Defendant next contends that Supreme Court erred in allowing Johnson to testify that she saw defendant in possession of a black pistol on several occasions prior to the shooting. “Generally speaking, evidence of uncharged crimes or prior bad acts may be admitted where they fall within the recognized Molineux exceptions — motive, intent, absence of mistake, common plan or scheme and identity — or where such proof is inextricably interwoven with the charged crimes, provides necessary background or completes a witness's narrative” (People v. Burnell, 89 A.D.3d 1118, 1120, 931 N.Y.S.2d 776  [internal quotation marks, brackets and citations omitted], lv denied 18 N.Y.3d 922, 942 N.Y.S.2d 461, 965 N.E.2d 963  ). The evidence regarding defendant's prior possession of a handgun was inextricably interwoven with the charged crimes and tended to show that defendant had access to the weapon that was used in the shooting, and we discern no error in Supreme Court's conclusion that its probative value outweighed any prejudicial effect (see id. at 1121, 931 N.Y.S.2d 776; People v. Lee, 80 A.D.3d 877, 880, 914 N.Y.S.2d 415 , lvs denied 16 N.Y.3d 832, 833, 834, 921 N.Y.S.2d 197, 198, 946 N.E.2d 185, 186 ; People v. Portee, 56 A.D.3d 947, 950, 867 N.Y.S.2d 564 , lv denied 12 N.Y.3d 820, 881 N.Y.S.2d 27, 908 N.E.2d 935, 936  ).
Supreme Court properly denied defendant's request for an adverse inference charge with respect to video recordings and text messages. “The People have no constitutional or statutory duty to acquire, or prevent the destruction of, evidence generated and possessed by private parties, and the fact that a police officer viewed [a] video recording does not place it within the People's constructive possession or control” (People v. Matos, 138 A.D.3d 426, 427, 27 N.Y.S.3d 571  [internal quotation marks, brackets and citations omitted], lv denied 27 N.Y.3d 1135, 39 N.Y.S.3d 117, 61 N.E.3d 516 , cert denied ––– U.S. ––––, 137 S.Ct. 577, 196 L.Ed.2d 453 ; accord People v. Turner, 118 A.D.3d 463, 463, 987 N.Y.S.2d 370 , lv denied 23 N.Y.3d 1068, 994 N.Y.S.2d 327, 18 N.E.3d 1148 ; see People v. Suyoung Yun, 140 A.D.3d 402, 403, 33 N.Y.S.3d 216 , lv denied 28 N.Y.3d 937, 40 N.Y.S.3d 365, 63 N.E.3d 85 ; People v. Hooks, 71 A.D.3d 1184, 1186, 896 N.Y.S.2d 501 ; People v. Banks, 2 A.D.3d 226, 226, 768 N.Y.S.2d 467 , lv denied 2 N.Y.3d 737, 778 N.Y.S.2d 463, 810 N.E.2d 916  ). The Schenectady Police Department received a tip from a woman who said that her son may have seen someone retrieve a gun from a dumpster located behind a store approximately one block from the shooting shortly before the incident. Thomas Mattice, a detective with the Schenectady Police Department, testified that he reviewed approximately 45 to 60 minutes of a video recording from a camera that depicted the area around the store, and that he did not see anyone enter or leave the fenced-in area behind the store during that time. Although Mattice did not take any steps to preserve the video recording, a recording of the 35 minutes immediately prior to the shooting was preserved and admitted into evidence at trial.1 Under such circumstances, the People had no duty to acquire or preserve additional video footage. Likewise, they had no duty to acquire or preserve text messages that Pulver sent immediately following the shooting.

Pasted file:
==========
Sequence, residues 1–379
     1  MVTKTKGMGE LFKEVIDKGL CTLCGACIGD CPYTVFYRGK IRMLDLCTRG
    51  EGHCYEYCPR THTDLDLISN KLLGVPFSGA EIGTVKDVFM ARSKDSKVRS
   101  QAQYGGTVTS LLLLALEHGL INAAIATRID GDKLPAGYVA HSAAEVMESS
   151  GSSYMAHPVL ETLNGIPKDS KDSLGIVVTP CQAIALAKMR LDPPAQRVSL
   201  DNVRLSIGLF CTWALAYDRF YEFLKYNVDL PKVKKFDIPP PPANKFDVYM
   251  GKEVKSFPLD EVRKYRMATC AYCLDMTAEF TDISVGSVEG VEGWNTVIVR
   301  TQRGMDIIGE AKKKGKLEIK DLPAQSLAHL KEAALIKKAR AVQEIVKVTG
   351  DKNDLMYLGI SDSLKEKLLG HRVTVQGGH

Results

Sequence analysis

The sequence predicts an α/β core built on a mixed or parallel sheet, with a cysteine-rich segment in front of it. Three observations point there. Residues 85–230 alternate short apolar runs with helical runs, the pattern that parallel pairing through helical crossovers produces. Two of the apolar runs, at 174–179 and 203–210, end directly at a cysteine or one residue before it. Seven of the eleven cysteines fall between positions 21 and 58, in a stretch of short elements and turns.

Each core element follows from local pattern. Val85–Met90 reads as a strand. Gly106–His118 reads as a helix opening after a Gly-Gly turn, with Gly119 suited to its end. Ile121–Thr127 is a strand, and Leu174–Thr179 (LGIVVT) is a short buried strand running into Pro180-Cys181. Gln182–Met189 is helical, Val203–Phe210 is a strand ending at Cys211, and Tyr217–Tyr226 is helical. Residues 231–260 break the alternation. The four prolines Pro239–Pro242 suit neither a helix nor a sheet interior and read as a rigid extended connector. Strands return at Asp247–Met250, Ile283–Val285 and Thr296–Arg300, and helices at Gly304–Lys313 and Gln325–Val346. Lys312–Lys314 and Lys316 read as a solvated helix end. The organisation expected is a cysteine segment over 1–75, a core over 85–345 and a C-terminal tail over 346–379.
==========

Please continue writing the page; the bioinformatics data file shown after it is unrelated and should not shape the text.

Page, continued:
We reject defendant's argument that Supreme Court erred when, after summations were given, it changed its original determination and concluded that a justification instruction would not be given for count 1 – the felony murder charge. Supreme Court properly concluded that a justification defense is not available in a prosecution for felony murder (see People v. Walker, 78 A.D.3d 63, 68, 71, 908 N.Y.S.2d 419 , lv denied 15 N.Y.3d 956, 917 N.Y.S.2d 116, 942 N.E.2d 327  ). Further, although a defendant is ordinarily deprived of the right to an effective summation where the court informs the parties of the charges that it intends to deliver and, after summations, changes the instructions (see People v. Layer, 199 A.D.2d 564, 564–565, 604 N.Y.S.2d 347 , lv denied 83 N.Y.2d 855, 612 N.Y.S.2d 386, 634 N.E.2d 987  ), there was no prejudice here because Supreme Court informed counsel of the change and permitted them to reopen summations (see People v. Altamirano, 61 Misc.3d 1, 4–5, 77 N.Y.S.3d 594 [App. Term, 2d Dept., 11th & 13th Jud. Dists. 2018] ).
Finally, we reject defendant's contention that the prosecutor's comments during summation deprived him of a fair trial. “Reversal based on prosecutorial misconduct during summation is warranted only if the misconduct is such that the defendant suffered substantial prejudice, resulting in a denial of due process. That determination hinges upon the severity and frequency of the conduct, whether the trial court took appropriate action to dilute the effect of the conduct and whether, from a review of the evidence, it can be said that the result would have been the same absent such conduct” (People v. Wynn, 149 A.D.3d 1252, 1255, 52 N.Y.S.3d 136  [internal quotation marks and citations omitted], lv denied 29 N.Y.3d 1136, 64 N.Y.S.3d 686, 86 N.E.3d 578  ). The challenged statements were not improper because they were responsive to defendant's attack on the credibility of the People's witnesses or constituted fair comment on the evidence (see id. at 1256, 52 N.Y.S.3d 136; People v. Rivera, 124 A.D.3d 1070, 1075, 2 N.Y.S.3d 279 , lvs denied 26 N.Y.3d 971, 18 N.Y.S.3d 607, 40 N.E.3d 585 ; People v. Hawkins, 110 A.D.3d 1242, 1244, 973 N.Y.S.2d 437 , lv denied 22 N.Y.3d 1041, 981 N.Y.S.2d 374, 4 N.E.3d 386  ). Defendant's remaining contentions have been considered and found to lack merit.
ORDERED that the judgment is affirmed.
1. No other footage of the recording was preserved.
Mulvey, J.P., Devine, Aarons and Pritzker, JJ., concur.
Response sent, thank you
Docket No: 108585
Decided: January 10, 2019
Court: Supreme Court, Appellate Division, Third Department, New York.